Canning shines in Spring Training debut

February 26th, 2020

GLENDALE, Ariz. -- Angels right-hander faced a stern test in his Cactus League debut on Wednesday against a Dodgers lineup that featured several regulars, including Mookie Betts, Max Muncy, Cody Bellinger, A.J. Pollock, Will Smith, Gavin Lux and Matt Beaty.

Canning looked sharp in the 9-4 Angels loss, throwing two hitless innings, surrendering one walk while inducing four ground balls, with only a fly ball to left from Betts leaving the infield. It was a promising sign for Canning, who is expected to be the club’s fourth starter, and is coming off a strong rookie season that saw him get shut down with a right elbow strain in mid-August.

"It's kind of a different thing than the season," Canning said. "You're just kind of going out there and trying to execute pitches. But I mean, it always comes down to the same thing, just throwing strikes and executing pitches."

Canning, 23, is coming off a rookie season that saw him post a 4.58 ERA with 96 strikeouts, 30 walks and 14 homers allowed in 90 1/3 innings. Canning's strikeout rate of 25 percent was two percentage points better than the league average, while his walk rate of 7.8 percent was also nearly a percentage point lower than the league average. His fastball velocity and spin rate were also above average with only his curveball spin rate below average, but he’s worked to tinker with a better grip coming into this season.

But Canning has to prove he can stay healthy, as his last start came on Aug. 18 after his second bout of elbow trouble last season. But Canning, an Orange County native, stayed back near Angel Stadium this offseason and worked with head strength and conditioning coach Lee Fiocchi to come up with a plan to avoid the injured list this season.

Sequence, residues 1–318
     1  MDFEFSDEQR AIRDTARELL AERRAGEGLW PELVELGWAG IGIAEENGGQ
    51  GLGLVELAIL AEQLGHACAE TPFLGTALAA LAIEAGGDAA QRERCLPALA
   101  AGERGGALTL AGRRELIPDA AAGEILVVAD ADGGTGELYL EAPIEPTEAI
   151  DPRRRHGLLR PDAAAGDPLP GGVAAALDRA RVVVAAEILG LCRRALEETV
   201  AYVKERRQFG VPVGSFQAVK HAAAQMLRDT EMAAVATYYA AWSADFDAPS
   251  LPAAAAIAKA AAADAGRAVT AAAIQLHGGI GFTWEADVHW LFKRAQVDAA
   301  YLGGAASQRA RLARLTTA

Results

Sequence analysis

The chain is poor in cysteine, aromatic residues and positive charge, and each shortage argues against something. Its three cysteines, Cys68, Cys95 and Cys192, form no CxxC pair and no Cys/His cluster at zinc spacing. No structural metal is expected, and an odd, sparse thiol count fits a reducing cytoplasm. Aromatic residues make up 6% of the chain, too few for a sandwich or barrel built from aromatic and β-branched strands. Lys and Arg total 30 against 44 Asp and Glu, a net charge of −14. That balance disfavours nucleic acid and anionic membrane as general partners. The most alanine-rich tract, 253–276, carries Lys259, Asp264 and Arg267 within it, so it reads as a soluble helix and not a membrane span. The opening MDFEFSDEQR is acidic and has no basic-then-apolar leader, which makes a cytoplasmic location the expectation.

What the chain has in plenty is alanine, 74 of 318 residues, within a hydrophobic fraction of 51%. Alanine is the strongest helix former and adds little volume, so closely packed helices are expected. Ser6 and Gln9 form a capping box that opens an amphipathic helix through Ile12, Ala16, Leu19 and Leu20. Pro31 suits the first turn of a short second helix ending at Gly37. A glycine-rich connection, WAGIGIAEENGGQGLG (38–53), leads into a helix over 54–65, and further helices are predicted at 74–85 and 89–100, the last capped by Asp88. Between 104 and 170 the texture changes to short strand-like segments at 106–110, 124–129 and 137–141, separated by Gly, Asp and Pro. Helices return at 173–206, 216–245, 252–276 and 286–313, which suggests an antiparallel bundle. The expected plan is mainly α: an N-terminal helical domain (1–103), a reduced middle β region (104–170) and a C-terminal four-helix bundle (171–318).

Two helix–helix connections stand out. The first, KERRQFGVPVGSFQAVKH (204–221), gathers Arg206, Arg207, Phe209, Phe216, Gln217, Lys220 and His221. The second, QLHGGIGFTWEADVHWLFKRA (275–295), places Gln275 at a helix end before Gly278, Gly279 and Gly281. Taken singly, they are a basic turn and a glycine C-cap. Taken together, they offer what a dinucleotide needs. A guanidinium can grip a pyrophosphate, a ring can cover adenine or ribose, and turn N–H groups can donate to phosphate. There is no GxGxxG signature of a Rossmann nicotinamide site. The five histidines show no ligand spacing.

"We just kind of preached durability," Canning said. "I was lucky our strength trainer stayed back in Southern California so we were working out at the stadium."

Canning also has new pitching coach Mickey Callaway preaching about throwing strikes, which sounds simple, but can go a long way. Callaway wants his pitchers to get first-pitch strikes and get at least two strikes within their first three pitches of their at-bats. When Canning was ahead in the count last year, batters hit just .160/.188/.236 against him, but when he was behind, hitters batted .269/.422/.611. Canning's first-pitch strike percentage of 57.8 percent last year was also below the league average of 60.9 percent.

“It's kind of kind of nice to get back to the basics,” Canning said. “I think you can kind of get away from that for whatever reason once you get in pro ball. You can start trying to strike some guys out too much. So it's nice to get back to the basics. You look at the stats and the teams that do the best every year are the teams who are throwing strikes."

Angels manager Joe Maddon has been impressed by Canning’s stuff and his demeanor this spring. Canning is expected to be slotted behind veterans , and in the rotation and Maddon is expecting big things from the 2017 second-round MLB Draft pick out of UCLA.

“Good arm, good delivery,” Maddon said. “Coming out of UCLA, that matters, he’s really a lot further along maturity-wise and he knows what he’s doing out there. This guy can get really good really fast in the Major Leagues. It’s just going to be about how he processes the moment. Physically, talent-wise, he’s high end. He’s going to be very significant for us this year and for years to come.”